Editor's Note: As sure as heat and humidity, rummage and garage sales are a certain sign of summer. Our veteran shopper tells us how to get the most for our money, and have fun, buying "nearly new."
Lining up: You might want to avoid lining up early to rush inside the minute the doors open. That could seem counterintuitive but most of the time a lot of 'the best stuff' is still there after the dealers and early birds rush through. If you do arrive early, park near the sale's exit door (which is not always the same as the entrance.) That way it's easy enough to bring purchases out to your car and go back for more. Just accept the fact that items are 'as is' and 'as donated'. And give the sale workers a break -- don't insist on bargaining or negotiating in the first hours.
Bring a big, lightweight bag: Pick one up at IKEA, or Home Goods, or Trader Joe's and bring it along to stash small items before you get to checkout.
Keep a notebook: How big is the space for the new bookcase? Is your tween-aged daughter a girl's large or lady's small? What is your husband's ice skate size anyway? Is "The House of Seven Gables" or "The Deerslayer" on next year's seventh grade reading list? If you're like us, we can never remember exactly. Make lists!
Be nice: The people you see 'minding the shop' at rummages have likely spent countless hours preparing the sale. Don't ask for or expect a discount as soon as the doors open, don't hoard items or throw them on the floor, be mindful of your fellow shoppers and 'play nice'.
Also keep in mind: A measuring tape comes in handy, so does a cell phone camera, a bottle of water and small snack. Dress for the weather, if it's hot outside, it'll be hotter inside the sale. Wear comfy shoes and carry the bare minimum – a small shoulder bag just big enough to hold cash, keys and cell phone is ideal. Allow your mind to wander and look for serendipity in that oddball item you never knew existed.
Clothing: There will be racks and piles of garments ranging from brand-new-in-the-box baby clothes to vintage chic to high fashion items to Wal-Mart or Old Navy rejects. When you find something you're interested in purchasing, check it carefully for rips, stains and funny smells. Items donated from a chain-smoking household may never 'smell' clean, some perspiration odors are permanent, some flaws are unfixable. It pays to stop and think a minute before you buy: cashmere sweaters are often priced the same as acrylic-blends and are a much better buy. The same goes for items from high-end department stores such as Saks and Bloomingdales that are often lumped together with those from big-box stores.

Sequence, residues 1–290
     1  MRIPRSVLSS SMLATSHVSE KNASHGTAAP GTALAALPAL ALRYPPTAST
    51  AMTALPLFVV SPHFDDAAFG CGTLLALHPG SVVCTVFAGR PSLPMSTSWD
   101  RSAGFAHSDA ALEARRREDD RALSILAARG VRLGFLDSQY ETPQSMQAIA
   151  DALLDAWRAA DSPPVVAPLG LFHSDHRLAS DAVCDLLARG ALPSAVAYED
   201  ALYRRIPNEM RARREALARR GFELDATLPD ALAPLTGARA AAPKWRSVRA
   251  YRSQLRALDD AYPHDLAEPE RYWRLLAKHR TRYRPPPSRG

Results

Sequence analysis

Furniture: No matter how enticing the bargain, remember that ya gotta get it home and generally that means moving it ASAP. If you have access to a van, SVU or large station wagon it's not a problem. Use the same rule of thumb as buying clothes, a used IKEA bookcase isn't as good a buy as one from Crate and Barrel or an antique. Most rummage sale purchases benefit from a good cleaning and polishing so look beneath the cobwebs and dust for fine finishes and solid wood.
Books, CDs, DVDs, etc etc: Most used-book dealers reject items exposed to water -- a good idea. Also avoid mildewed, crumpled and dirty books. First rule for media purchases is to make sure that the correct disk is in the case. Then check to see if there are scratches or dings before buying.
Housewares: Rummage sales are a great place to buy gourmet cookware items: fancy pots and pans, stemware, expensive appliances. Pass on any table items that are discolored, cracked or chipped.
Antique and collectibles: Everybody knows somebody who knows somebody who bought something at a church sale for a song and found that it was worth the moon. Face it, that's probably not going to happen. Some organizations running sales have quite knowledgeable volunteers combing for valuable items for pre-sale. Others call in local dealers for pricing help. If you find something you love and have to have that's great -- but the days of making Ebay killings on tag sale finds are sadly, most likely over.
Kids clothing, toys, strollers and other items: If you're a new mother or have one in your life you can hit the rummage jackpot. Since babies grow so quickly unopened and unused items are donated, often in their original packaging. Expensive strollers are usually priced at 5% to 10% of original cost – add some elbow grease and a new padded liner and you're golden. Make sure to bring your list of sizes and tape measure.
Appliances: Ask if it's possible to test the coffee maker, iron, TV blender, etc. If that's not possible, then it's buyer beware. Most sales request that all donations be in working order, but duds can slip through the cracks. Assume that the appliances are in working order and that all the parts of the item are present. Then figure out how much you're willing to pay for something that you may find is incomplete or not in working condition. For rummages, garage sales and the like all sales are final.
Any tips that work for you? Fabulous finds that you got for a song? Share it in the comments.
A version of this story first ran in 2010.